Just under 3 months ago, Tom and I reverse engineered the protocol to talk to the TI FET430UIF MSP430 debugger.
We weren’t confident that we could release the source without legal repercussions. We couldn’t really afford to pay a solicitor to find out what our legal position was (I got a quote from one of £600). We gave the problem some thought.
After many discussions about what we could do, we decided to send a letter to TI to ask them whether they’d mind us releasing our code as open source. That letter is here on the right. Click on it to be able to read it. (You may notice that I’ve blacked out my address.)
Today I got a phone call from Thomas Mitnacht, who is Texas Instrument’s Development Tools Manager for MSP430 Microcontrollers and is based in Munich. After I’d explained to him why we’d reverse engineered the protocol, he said that he was happy for it to be released as open source. This is amazing. Thank you Thomas Mitnacht and TI!. I was quite surprised how quickly TI responded to this request.
He said he’d prefer for it to be under LGPL or GPL version 2 so that they could use the code, as apparently they’re not sure yet about how to deal with the patent requirements that GPLv3 has. Personally, I think the patent clauses in GPLv3 are useful and will help to make our software more free. However, given that TI could have given us a much harder time about this, I’m willing to release it under version 2.
Thomas also informed me about some important things to do with the MSP430 debugger. They’re not able to release the source code of their FET430 interface library at the moment. I think this is because of some licensing issues they have with that code. They’re working on a replacement library that will be open source and available at the end of this year. Sounds good. I’m looking forward to it.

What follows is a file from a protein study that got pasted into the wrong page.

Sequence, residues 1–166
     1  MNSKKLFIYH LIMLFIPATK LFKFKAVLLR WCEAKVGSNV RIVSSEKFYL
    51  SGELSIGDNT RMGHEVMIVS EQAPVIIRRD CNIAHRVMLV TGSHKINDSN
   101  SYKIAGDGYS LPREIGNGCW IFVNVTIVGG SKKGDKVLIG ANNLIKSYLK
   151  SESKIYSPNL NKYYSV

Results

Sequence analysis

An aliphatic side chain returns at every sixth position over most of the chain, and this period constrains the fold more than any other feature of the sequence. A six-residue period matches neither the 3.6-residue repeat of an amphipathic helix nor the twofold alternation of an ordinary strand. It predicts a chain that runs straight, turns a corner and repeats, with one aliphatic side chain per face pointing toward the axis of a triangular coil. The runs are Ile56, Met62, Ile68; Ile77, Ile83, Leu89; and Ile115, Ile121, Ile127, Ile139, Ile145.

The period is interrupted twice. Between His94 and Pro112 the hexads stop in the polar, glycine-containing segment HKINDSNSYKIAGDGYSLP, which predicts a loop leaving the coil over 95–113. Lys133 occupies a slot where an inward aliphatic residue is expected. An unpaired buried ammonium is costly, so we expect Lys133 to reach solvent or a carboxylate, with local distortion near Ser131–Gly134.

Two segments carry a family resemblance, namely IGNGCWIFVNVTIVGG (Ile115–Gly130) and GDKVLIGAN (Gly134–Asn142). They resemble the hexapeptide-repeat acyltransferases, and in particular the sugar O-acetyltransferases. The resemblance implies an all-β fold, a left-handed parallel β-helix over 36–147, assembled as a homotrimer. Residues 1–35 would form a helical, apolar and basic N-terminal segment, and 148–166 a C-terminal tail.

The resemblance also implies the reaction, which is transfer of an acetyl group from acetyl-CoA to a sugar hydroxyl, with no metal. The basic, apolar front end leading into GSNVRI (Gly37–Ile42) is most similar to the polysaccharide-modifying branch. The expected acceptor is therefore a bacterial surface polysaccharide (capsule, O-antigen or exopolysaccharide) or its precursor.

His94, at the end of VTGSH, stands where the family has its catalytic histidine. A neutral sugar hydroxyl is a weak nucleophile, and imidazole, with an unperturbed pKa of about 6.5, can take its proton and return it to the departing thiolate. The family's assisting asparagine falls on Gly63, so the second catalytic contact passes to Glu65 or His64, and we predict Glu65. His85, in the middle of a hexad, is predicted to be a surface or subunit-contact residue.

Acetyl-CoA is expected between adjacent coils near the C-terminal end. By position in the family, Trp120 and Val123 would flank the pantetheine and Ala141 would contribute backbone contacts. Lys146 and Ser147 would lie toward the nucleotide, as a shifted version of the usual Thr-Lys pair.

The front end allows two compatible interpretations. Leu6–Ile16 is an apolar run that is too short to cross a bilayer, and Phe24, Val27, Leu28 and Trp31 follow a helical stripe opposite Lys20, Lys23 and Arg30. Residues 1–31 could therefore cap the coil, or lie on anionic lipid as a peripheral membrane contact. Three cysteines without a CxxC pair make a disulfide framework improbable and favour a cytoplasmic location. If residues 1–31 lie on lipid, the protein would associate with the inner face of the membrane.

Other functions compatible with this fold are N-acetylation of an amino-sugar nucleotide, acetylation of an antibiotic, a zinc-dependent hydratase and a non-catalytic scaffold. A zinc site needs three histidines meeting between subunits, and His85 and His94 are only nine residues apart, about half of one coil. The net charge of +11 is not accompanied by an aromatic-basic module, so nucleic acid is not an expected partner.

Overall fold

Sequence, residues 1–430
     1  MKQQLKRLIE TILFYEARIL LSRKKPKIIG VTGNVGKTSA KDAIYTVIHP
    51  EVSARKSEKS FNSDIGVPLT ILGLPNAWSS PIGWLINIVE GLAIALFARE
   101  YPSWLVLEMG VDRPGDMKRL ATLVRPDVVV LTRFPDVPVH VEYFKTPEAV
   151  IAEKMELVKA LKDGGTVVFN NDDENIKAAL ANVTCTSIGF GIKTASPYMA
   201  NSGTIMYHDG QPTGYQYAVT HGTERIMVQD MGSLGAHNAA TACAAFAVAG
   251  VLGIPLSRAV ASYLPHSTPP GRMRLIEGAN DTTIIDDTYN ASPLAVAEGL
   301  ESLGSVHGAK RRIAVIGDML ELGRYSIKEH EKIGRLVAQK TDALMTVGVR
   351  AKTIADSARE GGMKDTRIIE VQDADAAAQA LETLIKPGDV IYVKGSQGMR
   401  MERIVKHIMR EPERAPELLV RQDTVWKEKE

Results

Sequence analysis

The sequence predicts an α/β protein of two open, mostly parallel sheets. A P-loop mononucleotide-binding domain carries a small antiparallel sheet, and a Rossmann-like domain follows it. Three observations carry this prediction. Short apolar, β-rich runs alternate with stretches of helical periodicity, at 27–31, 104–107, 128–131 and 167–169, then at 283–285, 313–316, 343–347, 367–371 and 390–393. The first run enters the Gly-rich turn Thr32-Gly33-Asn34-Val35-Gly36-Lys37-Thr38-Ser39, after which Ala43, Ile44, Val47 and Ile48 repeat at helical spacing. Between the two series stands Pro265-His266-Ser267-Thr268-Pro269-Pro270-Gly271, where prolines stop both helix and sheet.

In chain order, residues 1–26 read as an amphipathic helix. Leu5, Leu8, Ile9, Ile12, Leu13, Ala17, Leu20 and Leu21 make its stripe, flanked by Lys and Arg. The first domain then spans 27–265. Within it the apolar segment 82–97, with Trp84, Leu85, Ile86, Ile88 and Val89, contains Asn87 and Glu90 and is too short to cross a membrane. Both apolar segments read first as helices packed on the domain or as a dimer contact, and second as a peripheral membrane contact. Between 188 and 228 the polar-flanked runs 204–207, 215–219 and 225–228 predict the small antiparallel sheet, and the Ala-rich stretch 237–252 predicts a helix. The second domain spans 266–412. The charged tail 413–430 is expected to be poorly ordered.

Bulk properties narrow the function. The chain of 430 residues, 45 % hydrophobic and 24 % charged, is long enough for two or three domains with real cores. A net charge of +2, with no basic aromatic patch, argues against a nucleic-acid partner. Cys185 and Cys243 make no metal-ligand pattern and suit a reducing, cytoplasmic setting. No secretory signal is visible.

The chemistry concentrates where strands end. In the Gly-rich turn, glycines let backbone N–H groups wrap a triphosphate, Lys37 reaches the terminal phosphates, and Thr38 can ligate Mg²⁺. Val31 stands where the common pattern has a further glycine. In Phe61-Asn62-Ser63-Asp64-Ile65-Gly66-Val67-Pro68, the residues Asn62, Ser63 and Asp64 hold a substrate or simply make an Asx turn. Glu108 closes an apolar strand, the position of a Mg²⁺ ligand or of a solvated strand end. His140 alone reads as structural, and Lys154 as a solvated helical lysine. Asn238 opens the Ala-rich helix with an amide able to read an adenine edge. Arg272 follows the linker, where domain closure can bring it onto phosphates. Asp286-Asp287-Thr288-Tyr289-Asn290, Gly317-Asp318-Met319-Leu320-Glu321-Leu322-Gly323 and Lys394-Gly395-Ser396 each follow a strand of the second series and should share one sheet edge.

I’m extremely happy to release the source code that Tom and I hacked together at 25C3. It’s a bit dirty at the moment, but now that we can have it out in the open we’ll definitely be putting more work into it.
Quit rambling, just give me the code!
I’ve put the code up in a git repository on gitorious. You can grab it like this:
git clone git://gitorious.org/fetproxy/mainline.git fetproxy
Several people have emailed me over the last couple of months asking me for the source. I’ve had to give them all a bit of a disappointing reply, which was “sorry, please wait”. If you’re one of those people, I hope that you understood.
P.S. Further good news: My msp430-gcc Fedora package passed its review a couple of days ago. It’ll hopefully be shipping within the next week.
Tom and I have been working on some code to replace msp430-gdbproxy, which is a piece of closed source software that we regularly use to program and debug MSP430 microcontrollers. The atmosphere at 25C3 encouraged the continuation of this effort, and we can now successfully reprogram MSP430s using it. We’ll be releasing it as FOSS as soon as possible once we’ve ascertained that there are no legal issues with us doing so. I’m sure that you can understand the reasons for such caution here.
In the future, we’d like to be able to prove that we had got to this point by this date. Therefore, we’re publishing the SHA1 (160-bit) hash of the source code right now, and will later publish the code that it goes with. That hash is:
And in order to remind myself which git commit this maps to in my repository, it’s commit: 894dde86e14b824e16540908e9138ee944abafcf.
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